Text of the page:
Ummm, can I be your friend and hang out with you and be inspired and write a novel and get my master's degree and raise my kids? Thank you. That is all.

Wednesday, November 25, 2009

Community Book Review: The Hemingses of Monticello

The Hemingses of Monticello by Annette Gordon-Reed

Thomas Jefferson: impregantor of his enslaved half sister-in-law and clingy extrovert. That is the portrayal that Annette Gordon-Reed concocts from the documentary material and the perspectives of the enslaved people in his life. The scanty lack of the former in the voice of the latter forces her into impressive acts of empathy and many such constructions as "He would have.." "She would not have..." But the work definitely earns its Pulitzer by doing so with such skill and illuminating a subject we kind of dimly know about but are missing a lot of important details. Chiefly the fact that this affair(?) between societal unequals lasted for decades, and followed the death of Martha Jefferson, Sally Hemings' half-sister.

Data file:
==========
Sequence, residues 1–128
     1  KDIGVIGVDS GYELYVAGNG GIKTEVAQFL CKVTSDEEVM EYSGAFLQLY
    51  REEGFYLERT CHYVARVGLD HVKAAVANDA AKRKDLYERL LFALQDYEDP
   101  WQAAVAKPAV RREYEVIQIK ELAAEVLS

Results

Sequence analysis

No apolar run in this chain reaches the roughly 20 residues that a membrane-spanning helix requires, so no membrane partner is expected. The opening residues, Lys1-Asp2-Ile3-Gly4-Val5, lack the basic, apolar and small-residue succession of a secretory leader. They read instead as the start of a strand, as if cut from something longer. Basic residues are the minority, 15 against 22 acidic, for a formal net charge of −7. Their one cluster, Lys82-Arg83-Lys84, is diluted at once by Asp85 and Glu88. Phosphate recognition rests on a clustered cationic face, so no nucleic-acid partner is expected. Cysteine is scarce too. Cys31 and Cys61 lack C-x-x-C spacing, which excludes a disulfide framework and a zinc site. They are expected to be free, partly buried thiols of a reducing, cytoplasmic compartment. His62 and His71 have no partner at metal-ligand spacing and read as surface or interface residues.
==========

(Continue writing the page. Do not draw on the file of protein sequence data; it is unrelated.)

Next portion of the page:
Gordon-Reed manages to avoid either canonizing Hemings and her famiy or robbing them of all agency, leaving us to ponder the fact that her brother James committed suicide soon after freedom, or that either James or Sally could have had their freedom decades earlier during their brief time in Paris (Paris courts never refused a freedom suit.) Gordon-Reed does not argue in either of these or any other cases that this shows the beneficence of slavery or Jefferson, but she doesn't reduce her subjects to diversity month cutouts either. She points out other cases such as an enslaved woman who gets her white lover to buy her and live with her openly, and as a free woman. She makes the amazing observation that Jefferson would have had far less wealth if his father and law had to leave property to his enslaved sons, instead of just his white daughter. Similarly, Jefferson's daughters benefited materially from Jefferson taking Hemings as a "substitute for a wife" instead of marrying a woman who could have made any legal claim on him.